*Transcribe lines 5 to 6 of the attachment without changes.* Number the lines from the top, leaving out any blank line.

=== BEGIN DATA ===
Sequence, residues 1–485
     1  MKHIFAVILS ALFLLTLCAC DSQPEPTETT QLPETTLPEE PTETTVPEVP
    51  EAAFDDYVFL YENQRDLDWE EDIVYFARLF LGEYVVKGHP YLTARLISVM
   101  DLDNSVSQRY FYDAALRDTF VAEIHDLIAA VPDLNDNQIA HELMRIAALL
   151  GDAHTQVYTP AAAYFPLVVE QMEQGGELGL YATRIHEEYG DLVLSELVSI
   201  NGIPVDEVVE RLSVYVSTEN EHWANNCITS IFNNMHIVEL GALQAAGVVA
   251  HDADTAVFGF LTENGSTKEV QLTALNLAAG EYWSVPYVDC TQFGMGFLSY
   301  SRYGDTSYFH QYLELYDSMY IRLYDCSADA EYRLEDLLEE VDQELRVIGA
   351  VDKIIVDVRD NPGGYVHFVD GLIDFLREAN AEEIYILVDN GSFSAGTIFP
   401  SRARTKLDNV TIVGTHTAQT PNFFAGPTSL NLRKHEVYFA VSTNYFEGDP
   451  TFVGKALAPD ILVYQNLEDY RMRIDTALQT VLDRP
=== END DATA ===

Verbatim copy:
   151  GDAHTQVYTP AAAYFPLVVE QMEQGGELGL YATRIHEEYG DLVLSELVSI
   201  NGIPVDEVVE RLSVYVSTEN EHWANNCITS IFNNMHIVEL GALQAAGVVA